When up to thousands of starlings swoop through the sky in unison — known as a murmuration — the mass aerial displays they produce are breathtaking. But how do starlings fly with such stunning coordination?
Hundreds, or even thousands, of starlings whirling through the air in coordination, creating constantly changing patterns across the sky, is a hypnotic sight. Such balletic feats of synchronized flying rarely fail to amaze, as this video below of the birds putting on a stunning display over the River Shannon in Ireland shows.
So how do the starlings manage to fly together with such impressive coordination?
The key to keeping in sync with the group — otherwise known as a murmuration — is to pay attention to just a few of them. Seven, to be precise. Although previous studies had found that this was the number of neighbors which individual starlings within large flocks respond to, it wasn't understood exactly why.
So researcher George F. Young of Princeton University and his team set about trying to find out what was so special about the number seven by analyzing photos of starlings in flight. Then they used mathematical modelling to see how they maintained group cohesion.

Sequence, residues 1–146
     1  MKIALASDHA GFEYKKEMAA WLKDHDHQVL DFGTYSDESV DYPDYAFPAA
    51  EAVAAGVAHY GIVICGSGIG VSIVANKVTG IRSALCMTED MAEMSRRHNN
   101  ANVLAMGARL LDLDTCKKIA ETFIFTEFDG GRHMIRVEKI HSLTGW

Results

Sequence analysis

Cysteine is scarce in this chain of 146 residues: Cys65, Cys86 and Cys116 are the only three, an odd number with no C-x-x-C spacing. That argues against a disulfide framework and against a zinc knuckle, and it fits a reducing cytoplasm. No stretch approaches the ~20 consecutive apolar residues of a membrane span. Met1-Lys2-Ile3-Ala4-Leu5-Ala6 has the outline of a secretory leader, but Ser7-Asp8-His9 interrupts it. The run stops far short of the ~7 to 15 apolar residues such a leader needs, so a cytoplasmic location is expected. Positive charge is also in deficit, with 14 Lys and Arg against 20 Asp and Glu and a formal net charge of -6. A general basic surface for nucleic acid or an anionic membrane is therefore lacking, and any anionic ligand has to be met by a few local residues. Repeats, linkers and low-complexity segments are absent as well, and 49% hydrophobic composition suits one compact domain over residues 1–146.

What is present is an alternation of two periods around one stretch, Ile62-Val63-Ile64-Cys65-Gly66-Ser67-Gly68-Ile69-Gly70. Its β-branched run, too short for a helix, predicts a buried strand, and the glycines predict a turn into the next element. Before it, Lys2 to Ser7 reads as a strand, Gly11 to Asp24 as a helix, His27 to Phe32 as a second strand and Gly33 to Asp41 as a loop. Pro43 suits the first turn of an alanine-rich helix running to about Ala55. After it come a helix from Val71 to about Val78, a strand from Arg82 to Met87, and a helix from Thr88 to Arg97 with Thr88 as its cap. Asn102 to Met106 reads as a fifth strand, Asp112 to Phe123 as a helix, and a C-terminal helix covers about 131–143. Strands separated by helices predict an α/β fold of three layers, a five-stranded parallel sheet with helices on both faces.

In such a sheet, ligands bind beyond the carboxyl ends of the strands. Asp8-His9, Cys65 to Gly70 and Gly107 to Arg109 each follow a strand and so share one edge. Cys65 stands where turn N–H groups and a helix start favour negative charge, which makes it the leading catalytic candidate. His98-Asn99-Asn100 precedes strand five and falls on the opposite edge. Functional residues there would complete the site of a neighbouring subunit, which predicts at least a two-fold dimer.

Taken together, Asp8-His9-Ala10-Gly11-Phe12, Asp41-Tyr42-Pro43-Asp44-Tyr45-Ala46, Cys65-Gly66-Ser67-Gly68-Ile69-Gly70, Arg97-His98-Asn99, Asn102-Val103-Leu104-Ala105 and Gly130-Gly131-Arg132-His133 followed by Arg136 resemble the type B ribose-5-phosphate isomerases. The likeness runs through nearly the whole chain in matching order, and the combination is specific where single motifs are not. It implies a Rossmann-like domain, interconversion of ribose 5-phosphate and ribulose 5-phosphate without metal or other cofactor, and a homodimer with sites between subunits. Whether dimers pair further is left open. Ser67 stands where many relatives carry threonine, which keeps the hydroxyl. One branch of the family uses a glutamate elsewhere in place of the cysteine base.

Writing in the journal Plos Computational Biology, he and his team wrote: "Flocks of starlings exhibit a remarkable ability to maintain cohesion as a group in highly uncertain environments and with limited, noisy information."
They found that seven is the optimal number to balance "group cohesion and individual effort."
By paying attention to what seven of the birds flying nearest to you are doing, the whole flock can keep moving as one cohesive group. In other words, when a bird flying alongside you moves, so do you.
Why do they do it?
In winter, starlings form big communal roosts to keep warm. To do this, they gather together in large numbers as daylight fades. The large number and complex twisting movements are understood to help protect the flock by reducing the chance of attacks from other birds by offering safety in numbers.
Predators find it difficult to target one bird in the middle of whirling and swooping masses of thousands. The starlings, natives of Europe, Asia and North Africa, will then land in their roosting spot for the night.
Starlings have also spread to other areas of the world, including North America, where they were famously introduced by Shakespeare enthusiasts in New York's Central Park in the 1890s. They wanted all the bird species mentioned by Shakespeare to live on the North American continent. With starlings, they certainly succeeded. The invasive species there now numbers 200 million.
For more starlings in action, check out this video below:
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